Editorial (Thematic Issue: Nanotechnology as a Strategy to Improve Treatment of Diabetes)

Author(s): Antonio J. Ribeiro

Journal Name: Current Pharmaceutical Biotechnology

Volume 15 , Issue 7 , 2014

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Diabetes mellitus is a chronic disease that occurs either when the pancreas does not produce enough insulin and /or when the body became resistant to insulin actions. Type 1 diabetes (T1DM) (previously known as insulin-dependent, juvenile or childhood-onset) is characterized by an almost complete loss of insulin mainly due to selective autoimmune destruction of the pancreatic β-cells and requires daily administration of insulin. Type 2 diabetes (T2DM) (formerly called non-insulin-dependent or adult-onset) results from insulin resistance and deterioration and βcell function. T2DM comprises 90% of people with diabetes around the world, and is largely related to excess body weight and physical inactivity. Gestational diabetes is hyperglycemia that starts or is firstly diagnosed during pregnancy. Impaired glucose tolerance (IGT) and impaired fasting glucose (IFG) are intermediate conditions in the transition between normality and diabetes. People with IGT or IFG are at high risk of progressing to T2DM, although this is not inevitable. Other specific are associated with endocrinopathies, exocrine pancreas disease, genetic defects of the β-cell or in insulin action has been given [1]. The therapy of T2DM is currently based on 6 approved drug classes encompassing both small molecules [metformin, sulfonylureas, glitazones, dipeptidyl peptidase-4 (DPP-IV) inhibitors] and proteins [insulin and analogues, glucagon-like polypeptide- I (GLP-1) and analogues]. Insulin and analogues are potentially administrated by parenteral route, which generally requires multiple daily injections, not contributing to improve the quality of life of diabetics. To eliminate the pain and fear associated with injections and increase diabetics compliance, intense research has been done towards alternative routes that are painless and non-invasive. Generally, drugs delivered by oral route improves disease management, increase patient compliance and reduces the risk of most diabetes-related complications. However, therapeutic drugs such as peptides and proteins need to overcome critical hurdles, namely the passage along the gastrointestinal tract and the transport across intestinal epithelial cells, prior to their beneficial systemic action. Nanotechnology has opened the possibility of increasing the stability of peptides and proteins and their bioavailability as well. The development of nanoparticulate delivery systems for insulin has evolved through remarkable advances hardly seen in the field of drug delivery. Thus, the present thematic is divided into three main sections addressing the treatment of Diabetes. T1DM, has been treated by successful transplantation of insulin secreting pancreatic islets. However, serious limitations remain such as the requirement of immunosuppressive drugs for recipient patients, serious side effects as a result of long term use of drugs, and reduced functionality of islets at the transplantation site. The use of bioartificial pancreas may be a potentially valid alternative. The Kizikel’s group addressed current progress and obstacles for the development of a bioartificial pancreas using micro- and nano based systems for encapsulation of islets. T2DM is one of the most prevalent and rapidly spreading diseases worldwide. The incretin based therapies for T2DM are now widely investigated and used, and mainly include incretin hormones which are glucose-dependent insulinotropic peptide (GIP) and GLP-1 released from the endocrinal cells in small intestine in response to food intake. Araujo et al. highlighted the use of micro and nanosystems to efficiently deliver the incretins orally. T2DM is a progressive disease, and most patients, as it happens in T1DM, will eventually need treatment with exogenous insulin. The therapeutic goal of the treatment with insulin is to reproduce, as accurately as possible, the physiological pattern of insulin secretion, in order to control glycemia. In former times, the emphasis of oral delivery of insulin was more on convenience and avoidance of needles. Taking into account the current understanding of the pathogenesis of diabetes, additional emphasis has been given to the oral delivery of insulin as the most physiological mimicking way to deliver exogenous insulin to its site(s) of action in the target tissues and cells. The third section includes two articles that discuss different barriers encountered by insulin nanoparticles in the gastrointestinal tract and nanosystems being used for oral delivery for insulin toward clinical trials and industrial development, respectively. Lopes at al. speculated about the role of nanoparticles in the insulin transport across intestinal epithelium, besides explore their likely pathways and analyze published experimental results on the bioavailability (BA) and pharmacological activity (PA) of oral insulin. Cabral’s group described nanosystems that provide oral insulin release, and mitigated advantages ascribed to those nanosystems with evident economic and industrial feasibility.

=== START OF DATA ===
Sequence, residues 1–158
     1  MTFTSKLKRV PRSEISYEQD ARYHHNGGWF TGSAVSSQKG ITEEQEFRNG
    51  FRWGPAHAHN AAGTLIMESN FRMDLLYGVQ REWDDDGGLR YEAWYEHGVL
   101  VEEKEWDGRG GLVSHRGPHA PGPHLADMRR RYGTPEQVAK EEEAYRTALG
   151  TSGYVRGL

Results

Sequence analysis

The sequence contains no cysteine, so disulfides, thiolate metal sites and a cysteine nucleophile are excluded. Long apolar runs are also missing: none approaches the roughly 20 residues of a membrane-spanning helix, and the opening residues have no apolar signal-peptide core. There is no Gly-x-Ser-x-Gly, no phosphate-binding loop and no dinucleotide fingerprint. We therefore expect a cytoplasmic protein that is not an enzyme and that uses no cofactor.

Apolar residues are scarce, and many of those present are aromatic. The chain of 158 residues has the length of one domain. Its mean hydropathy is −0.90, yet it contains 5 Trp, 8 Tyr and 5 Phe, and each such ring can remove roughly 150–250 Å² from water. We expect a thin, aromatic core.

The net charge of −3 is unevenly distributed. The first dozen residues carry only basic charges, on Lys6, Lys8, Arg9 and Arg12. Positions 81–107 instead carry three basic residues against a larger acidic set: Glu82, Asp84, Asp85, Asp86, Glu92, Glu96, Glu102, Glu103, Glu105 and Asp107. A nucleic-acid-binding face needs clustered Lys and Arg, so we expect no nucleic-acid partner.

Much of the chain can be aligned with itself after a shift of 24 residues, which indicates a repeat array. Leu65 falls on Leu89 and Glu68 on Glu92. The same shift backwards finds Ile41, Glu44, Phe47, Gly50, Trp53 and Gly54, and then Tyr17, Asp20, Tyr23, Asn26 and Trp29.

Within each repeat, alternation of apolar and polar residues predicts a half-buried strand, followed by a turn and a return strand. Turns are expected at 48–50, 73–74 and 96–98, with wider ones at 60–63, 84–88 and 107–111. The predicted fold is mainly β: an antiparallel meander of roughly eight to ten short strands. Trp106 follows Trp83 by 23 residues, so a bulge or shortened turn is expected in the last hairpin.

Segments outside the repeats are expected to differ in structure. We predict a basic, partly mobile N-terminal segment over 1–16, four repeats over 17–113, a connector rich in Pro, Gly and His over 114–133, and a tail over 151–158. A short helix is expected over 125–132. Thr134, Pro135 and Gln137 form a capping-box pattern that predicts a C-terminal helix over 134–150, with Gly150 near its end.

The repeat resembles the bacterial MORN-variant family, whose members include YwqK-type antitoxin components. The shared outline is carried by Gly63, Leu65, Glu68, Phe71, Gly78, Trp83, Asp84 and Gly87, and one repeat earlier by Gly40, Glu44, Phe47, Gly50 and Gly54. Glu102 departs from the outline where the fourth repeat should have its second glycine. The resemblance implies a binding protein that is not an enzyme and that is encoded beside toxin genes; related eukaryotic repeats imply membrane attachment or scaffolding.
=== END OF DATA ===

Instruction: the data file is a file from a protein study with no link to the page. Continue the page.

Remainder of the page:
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Article Details

Year: 2014
Page: [589 - 589]
Pages: 1
DOI: 10.2174/1389201015666140915153104

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